Programming Earthquakes

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Over the course of my many years at Florida Tech, I have been given the opportunities to use a variety of computer tools. These tools include computer programming languages, simulation tools, and CAD modelling. This semester I am taking Software Engineering 1 with Dr. Bond. In this class I am learning a new programming language named Python. Recently we were given the assignment to plot the world’s earthquakes that were over a 4.5 magnitude using just the computer programming language.

Why?

I know you may be thinking, “Why is that worth reading about?” or  “Why should I care?” And the real reason is that it doesn’t work for just earthquakes. Computer programming is an integral part of businesses now, and will continue to be a great tool for processing data at rapid speeds. If you look deeper into our earthquake problem, then you can eventually use this tool to draw a variety of maps, graphs, and even just art for fun.

How?

The best place to start for this project was to visit the USGS Earthquakes hazard program’s website. Here we were able to collect the needed longitudes and latitude coordinates of where each earthquake occurred. From this data we could make groups of earthquakes based on their regions. These groups are defined by center point, or centroids, and we call each group a cluster. Each cluster can be assigned a color. For example, north america can be lime green. We then use Python’s ‘Turtle’ program to plot the locations in the earthquakes in the color of our choosing.

What is Turtle?

‘Turtle’ is a program in Python that allows you to create images from computer code. How it works is that it treats the opened drawing as a beach, and the courser as the turtle. You draw lines in the sand on the beach by telling the turtle to move to the left, forward, right, or backwards. The turtle can move in all sorts of ways allowing the programmer to make filled in shapes, points, and lines of various colors and thicknesses.

For the earthquake problem, we set the background of the drawing to a world map, and then told the turtle what location to move to and put a dot of a certain color. ‘Turtle’ is a really cool feature, and you can use it with limited programming knowledge. Some websites will even give you free drawing instructions, like instructables.com, who provided me with code to make some color and black and white spiral graphs. If you don’t know how to code, there are still elements where you can change the drawings given to you to make them your own. For example, there are words in Python that will stand out to any users, like colors. You can simply type in new color name if you don’t like the one provided. If you want to learn more about how to use Python and Turtle, google is your friend. Python is free to download, and also provides instructions for how to learn each command.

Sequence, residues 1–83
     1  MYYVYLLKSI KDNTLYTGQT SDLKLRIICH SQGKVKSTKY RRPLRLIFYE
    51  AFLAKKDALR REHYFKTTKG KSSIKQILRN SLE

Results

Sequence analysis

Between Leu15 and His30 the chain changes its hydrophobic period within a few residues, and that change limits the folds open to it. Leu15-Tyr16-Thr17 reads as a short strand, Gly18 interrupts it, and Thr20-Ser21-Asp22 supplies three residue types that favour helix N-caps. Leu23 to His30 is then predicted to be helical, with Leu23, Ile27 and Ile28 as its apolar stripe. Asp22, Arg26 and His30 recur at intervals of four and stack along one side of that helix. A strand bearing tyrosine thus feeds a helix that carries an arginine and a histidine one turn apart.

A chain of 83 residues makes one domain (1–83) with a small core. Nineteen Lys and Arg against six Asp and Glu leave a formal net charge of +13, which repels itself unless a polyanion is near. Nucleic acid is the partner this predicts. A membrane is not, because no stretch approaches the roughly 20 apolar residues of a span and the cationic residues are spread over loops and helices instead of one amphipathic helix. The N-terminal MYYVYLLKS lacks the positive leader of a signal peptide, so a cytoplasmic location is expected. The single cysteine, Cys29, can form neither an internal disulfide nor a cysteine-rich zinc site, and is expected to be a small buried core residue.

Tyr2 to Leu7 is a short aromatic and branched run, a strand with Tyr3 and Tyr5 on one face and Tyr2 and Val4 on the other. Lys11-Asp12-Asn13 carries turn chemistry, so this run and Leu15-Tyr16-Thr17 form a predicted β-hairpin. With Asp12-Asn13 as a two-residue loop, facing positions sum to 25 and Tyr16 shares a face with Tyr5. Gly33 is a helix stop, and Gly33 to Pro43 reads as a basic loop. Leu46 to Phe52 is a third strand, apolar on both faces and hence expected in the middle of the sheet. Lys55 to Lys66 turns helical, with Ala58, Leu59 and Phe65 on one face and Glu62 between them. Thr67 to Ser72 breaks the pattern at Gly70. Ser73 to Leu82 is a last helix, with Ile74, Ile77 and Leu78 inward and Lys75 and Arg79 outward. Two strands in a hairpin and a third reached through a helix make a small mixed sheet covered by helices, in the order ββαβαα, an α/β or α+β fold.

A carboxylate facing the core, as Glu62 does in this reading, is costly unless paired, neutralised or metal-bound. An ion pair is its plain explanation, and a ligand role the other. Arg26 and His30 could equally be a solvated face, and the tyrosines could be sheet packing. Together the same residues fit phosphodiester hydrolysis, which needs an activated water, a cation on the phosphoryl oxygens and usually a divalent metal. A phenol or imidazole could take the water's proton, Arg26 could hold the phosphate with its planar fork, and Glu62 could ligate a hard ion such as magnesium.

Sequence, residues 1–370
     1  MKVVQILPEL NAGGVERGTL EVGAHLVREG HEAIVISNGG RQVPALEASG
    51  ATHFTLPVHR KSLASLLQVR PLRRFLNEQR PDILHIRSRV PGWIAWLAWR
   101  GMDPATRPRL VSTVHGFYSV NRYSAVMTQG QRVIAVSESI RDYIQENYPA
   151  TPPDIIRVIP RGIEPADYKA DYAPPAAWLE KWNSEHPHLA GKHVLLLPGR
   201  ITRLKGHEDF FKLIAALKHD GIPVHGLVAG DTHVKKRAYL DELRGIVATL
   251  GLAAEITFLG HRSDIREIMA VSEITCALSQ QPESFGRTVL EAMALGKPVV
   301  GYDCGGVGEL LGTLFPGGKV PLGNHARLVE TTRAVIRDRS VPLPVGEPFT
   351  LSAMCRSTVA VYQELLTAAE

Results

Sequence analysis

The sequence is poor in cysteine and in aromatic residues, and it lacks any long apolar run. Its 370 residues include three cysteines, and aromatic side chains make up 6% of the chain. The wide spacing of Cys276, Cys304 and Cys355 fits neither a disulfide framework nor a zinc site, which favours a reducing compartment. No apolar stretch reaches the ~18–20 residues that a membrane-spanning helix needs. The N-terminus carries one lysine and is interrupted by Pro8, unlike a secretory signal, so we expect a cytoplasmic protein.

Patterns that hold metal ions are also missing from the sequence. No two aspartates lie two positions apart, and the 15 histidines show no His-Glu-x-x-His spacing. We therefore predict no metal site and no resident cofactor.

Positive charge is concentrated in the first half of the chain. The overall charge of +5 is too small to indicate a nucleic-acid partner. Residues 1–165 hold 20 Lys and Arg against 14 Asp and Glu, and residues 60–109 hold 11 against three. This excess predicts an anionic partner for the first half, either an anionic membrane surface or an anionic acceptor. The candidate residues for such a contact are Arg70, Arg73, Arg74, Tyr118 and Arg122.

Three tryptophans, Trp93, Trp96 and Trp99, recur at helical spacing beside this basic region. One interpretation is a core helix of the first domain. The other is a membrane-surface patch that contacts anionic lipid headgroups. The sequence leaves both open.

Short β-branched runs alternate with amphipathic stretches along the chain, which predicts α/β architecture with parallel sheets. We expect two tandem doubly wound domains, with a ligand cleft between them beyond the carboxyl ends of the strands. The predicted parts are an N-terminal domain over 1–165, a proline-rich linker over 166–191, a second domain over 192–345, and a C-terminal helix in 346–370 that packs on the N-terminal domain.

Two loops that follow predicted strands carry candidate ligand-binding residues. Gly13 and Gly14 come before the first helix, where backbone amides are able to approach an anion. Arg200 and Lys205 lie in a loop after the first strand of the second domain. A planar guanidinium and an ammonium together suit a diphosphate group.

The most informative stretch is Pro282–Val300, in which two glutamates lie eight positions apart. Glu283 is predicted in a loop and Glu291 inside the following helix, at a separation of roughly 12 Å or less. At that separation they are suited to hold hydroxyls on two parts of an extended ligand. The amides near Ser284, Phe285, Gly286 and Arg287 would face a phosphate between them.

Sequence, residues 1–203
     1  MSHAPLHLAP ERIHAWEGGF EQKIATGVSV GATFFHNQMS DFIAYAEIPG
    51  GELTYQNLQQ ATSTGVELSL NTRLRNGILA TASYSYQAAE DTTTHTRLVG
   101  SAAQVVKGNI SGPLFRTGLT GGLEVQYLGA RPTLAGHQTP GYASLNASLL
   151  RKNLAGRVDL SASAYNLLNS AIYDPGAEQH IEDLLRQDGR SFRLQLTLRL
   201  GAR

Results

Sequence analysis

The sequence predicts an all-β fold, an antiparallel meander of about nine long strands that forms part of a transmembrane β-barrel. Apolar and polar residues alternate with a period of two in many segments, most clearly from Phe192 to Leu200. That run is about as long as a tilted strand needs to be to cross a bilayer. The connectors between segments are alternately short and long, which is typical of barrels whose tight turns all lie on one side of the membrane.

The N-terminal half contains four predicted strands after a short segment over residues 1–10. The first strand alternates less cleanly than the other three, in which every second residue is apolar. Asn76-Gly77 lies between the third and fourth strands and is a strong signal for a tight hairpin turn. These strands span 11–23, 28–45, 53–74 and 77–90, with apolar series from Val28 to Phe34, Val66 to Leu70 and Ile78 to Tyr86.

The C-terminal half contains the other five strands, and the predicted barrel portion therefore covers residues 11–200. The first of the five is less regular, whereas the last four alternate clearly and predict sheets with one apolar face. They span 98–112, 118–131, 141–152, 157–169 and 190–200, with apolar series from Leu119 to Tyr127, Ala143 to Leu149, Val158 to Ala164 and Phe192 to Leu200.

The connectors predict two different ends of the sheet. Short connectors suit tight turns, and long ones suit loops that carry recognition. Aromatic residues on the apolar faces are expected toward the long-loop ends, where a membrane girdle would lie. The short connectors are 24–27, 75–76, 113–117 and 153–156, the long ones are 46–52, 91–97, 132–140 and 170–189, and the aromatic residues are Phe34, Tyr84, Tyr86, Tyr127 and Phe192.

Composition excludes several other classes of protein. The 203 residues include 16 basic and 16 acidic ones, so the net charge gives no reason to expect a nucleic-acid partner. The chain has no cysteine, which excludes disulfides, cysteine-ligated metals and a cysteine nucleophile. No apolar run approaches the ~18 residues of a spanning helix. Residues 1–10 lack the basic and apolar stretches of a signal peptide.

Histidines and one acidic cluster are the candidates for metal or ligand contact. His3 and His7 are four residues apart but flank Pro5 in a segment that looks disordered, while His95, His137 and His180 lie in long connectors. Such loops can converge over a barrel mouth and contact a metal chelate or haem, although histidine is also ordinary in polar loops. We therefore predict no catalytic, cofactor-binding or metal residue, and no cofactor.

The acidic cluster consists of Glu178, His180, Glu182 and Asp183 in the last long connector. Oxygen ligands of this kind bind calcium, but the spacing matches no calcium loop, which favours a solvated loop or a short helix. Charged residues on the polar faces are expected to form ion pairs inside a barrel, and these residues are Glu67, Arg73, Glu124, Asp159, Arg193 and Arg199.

It’s More Than  Earthquakes

In analyzing the data for the longitudes and latitudes for earthquakes, I learned two things.

  1. Earthquakes happen more frequently than I ever realized. At Florida Tech, we learn theories that are applicable to a variety of fields, and this project opened my eyes to an entirely new field.
  2. Programming doesn’t always have to be so serious. I took some time to research the my turtle feature of Python, and found that several people even use it as a tool for art. The possibilities are endless.
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About Author

Gabby received her Bachelor's in Aerospace Engineering with a minor in Communication at Florida Tech. She is now working on her Systems Engineering master's degree. She works on campus as a Resident Director in the Residential Quad. Gabby really enjoys art whether its painting, sculpting, or photography, but her favorite thing is combining her two interests, engineering and art!

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